Online fashion retailer Asos has bought the Topshop, Topman, Miss Selfridge and HIIT brands from failed retail group Arcadia in a deal worth £295m.
Sir Philip Green’s Arcadia group fell into administration in November last year, casting doubt over the future of its brands and 13,000 jobs.
Asos is acquiring the stock and the brands. However, it is not taking on the stores.
It is paying £265m for the brands and a further £30m for the stock.
Asos chief executive Nick Beighton said: “The acquisition of these iconic British brands is a hugely exciting moment for Asos and our customers and will help accelerate our multi-brand platform strategy.
“We have been central to driving their recent growth online and, under our ownership, we will develop them further, using our design, marketing, technology and logistics expertise, and working closely with key strategic retail partners in the UK and around the world.”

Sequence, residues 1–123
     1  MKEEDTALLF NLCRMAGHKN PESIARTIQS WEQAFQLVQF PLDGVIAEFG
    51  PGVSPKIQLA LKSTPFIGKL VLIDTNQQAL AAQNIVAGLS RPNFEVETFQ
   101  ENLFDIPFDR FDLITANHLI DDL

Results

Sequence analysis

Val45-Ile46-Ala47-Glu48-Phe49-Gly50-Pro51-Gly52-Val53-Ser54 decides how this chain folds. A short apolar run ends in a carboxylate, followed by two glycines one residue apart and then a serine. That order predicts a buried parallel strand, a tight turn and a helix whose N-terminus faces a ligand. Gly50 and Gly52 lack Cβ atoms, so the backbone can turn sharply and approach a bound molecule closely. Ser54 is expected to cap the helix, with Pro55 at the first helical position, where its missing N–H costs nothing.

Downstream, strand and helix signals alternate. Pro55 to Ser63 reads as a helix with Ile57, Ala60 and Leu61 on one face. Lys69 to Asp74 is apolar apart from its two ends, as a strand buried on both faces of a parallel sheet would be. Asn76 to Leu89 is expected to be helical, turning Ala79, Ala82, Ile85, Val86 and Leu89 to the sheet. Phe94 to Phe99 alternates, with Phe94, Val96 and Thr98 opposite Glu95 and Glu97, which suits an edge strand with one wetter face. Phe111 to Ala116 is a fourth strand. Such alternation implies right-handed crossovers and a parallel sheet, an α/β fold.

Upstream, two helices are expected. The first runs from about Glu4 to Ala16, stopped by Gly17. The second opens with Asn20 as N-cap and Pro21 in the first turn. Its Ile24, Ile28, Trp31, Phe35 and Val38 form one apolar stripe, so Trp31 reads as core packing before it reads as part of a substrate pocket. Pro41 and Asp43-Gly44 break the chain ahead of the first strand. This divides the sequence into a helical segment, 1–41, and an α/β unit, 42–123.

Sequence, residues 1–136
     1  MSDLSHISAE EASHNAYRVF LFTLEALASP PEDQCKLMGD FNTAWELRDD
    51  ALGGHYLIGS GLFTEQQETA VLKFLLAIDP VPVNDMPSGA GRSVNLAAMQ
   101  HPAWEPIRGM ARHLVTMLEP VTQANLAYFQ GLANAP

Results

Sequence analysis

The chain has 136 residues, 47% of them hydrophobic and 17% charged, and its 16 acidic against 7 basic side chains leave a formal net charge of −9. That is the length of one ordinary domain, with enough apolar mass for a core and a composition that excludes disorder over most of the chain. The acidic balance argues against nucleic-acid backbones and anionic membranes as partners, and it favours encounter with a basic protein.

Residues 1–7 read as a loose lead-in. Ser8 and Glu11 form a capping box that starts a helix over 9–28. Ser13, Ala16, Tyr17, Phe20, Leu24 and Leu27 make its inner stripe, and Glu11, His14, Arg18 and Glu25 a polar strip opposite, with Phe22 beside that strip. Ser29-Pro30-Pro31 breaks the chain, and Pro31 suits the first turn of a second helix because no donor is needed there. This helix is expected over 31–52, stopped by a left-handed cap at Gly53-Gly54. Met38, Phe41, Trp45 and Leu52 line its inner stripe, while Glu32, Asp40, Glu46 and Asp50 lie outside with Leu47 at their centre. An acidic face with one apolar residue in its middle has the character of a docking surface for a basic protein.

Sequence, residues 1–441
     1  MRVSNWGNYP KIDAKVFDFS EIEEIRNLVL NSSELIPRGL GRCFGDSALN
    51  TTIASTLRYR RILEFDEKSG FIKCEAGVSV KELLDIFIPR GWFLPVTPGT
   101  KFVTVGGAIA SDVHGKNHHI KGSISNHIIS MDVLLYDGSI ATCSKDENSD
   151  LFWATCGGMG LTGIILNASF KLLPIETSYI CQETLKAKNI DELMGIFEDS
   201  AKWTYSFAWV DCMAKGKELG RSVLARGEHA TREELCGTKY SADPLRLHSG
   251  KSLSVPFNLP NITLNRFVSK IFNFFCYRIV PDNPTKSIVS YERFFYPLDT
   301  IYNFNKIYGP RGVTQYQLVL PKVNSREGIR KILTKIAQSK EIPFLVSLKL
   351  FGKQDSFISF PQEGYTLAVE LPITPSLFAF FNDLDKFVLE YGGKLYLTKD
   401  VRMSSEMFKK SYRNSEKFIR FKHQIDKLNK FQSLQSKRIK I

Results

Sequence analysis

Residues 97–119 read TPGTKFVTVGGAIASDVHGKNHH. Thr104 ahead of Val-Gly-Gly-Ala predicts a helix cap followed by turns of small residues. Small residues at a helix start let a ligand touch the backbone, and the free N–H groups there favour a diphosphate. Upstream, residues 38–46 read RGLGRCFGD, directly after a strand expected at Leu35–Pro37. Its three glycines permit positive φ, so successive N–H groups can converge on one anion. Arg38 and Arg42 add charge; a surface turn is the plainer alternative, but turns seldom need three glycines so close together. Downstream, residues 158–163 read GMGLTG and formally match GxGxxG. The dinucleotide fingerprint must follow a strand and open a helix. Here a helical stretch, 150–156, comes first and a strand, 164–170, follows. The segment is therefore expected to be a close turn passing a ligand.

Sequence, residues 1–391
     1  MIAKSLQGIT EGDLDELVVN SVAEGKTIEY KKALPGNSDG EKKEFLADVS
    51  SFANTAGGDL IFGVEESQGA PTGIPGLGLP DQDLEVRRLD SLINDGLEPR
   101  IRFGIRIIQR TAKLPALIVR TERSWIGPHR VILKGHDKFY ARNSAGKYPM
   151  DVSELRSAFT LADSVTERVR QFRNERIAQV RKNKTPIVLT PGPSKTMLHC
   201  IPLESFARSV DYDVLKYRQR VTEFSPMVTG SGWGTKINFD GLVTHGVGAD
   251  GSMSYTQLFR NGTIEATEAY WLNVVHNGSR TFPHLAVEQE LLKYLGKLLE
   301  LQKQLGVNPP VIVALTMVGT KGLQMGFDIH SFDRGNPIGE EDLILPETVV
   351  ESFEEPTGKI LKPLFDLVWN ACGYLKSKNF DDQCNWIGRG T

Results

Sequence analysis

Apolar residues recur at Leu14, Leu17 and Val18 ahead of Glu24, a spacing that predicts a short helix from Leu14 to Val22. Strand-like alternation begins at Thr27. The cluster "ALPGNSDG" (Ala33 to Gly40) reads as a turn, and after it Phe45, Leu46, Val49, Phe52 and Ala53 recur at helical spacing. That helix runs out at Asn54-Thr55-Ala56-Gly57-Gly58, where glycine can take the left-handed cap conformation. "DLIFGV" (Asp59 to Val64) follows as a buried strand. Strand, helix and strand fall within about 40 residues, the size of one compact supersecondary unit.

Administrators for Arcadia confirmed the deal, saying about 300 people currently employed by the brands in design, buying and retail partnerships would transfer to Asos.
The administrators added that the deal was expected to complete on 4 February.
Asos said it had acquired “strong consumer-facing brands” and saw “a significant opportunity” to drive further growth for them globally.
It added that the brands would benefit from “investment into customer engagement and brand positioning in line with our existing model”.
Asos has seen strong sales in the pandemic and is already one of the biggest wholesalers for the brands that it has acquired.
Other brands in the Arcadia stable that have not yet been sold are Dorothy Perkins, Wallis and Burton.
It emerged last week that online fashion retailer Boohoo was in “exclusive” talks to snap up those brands.
Also last week, Boohoo sealed a deal to buy the Debenhams brand and website for £55m. However, the price tag did not include any of the retailer’s remaining 118 High Street stores or its workforce, resulting in up to 12,000 job losses.
Sir Philip Green is under pressure to use his own money to plug an estimated £350m hole in Arcadia’s pension fund, which has about 10,000 members.
Last year, the retail tycoon had an estimated fortune of £930m, according to the Sunday Times Rich List.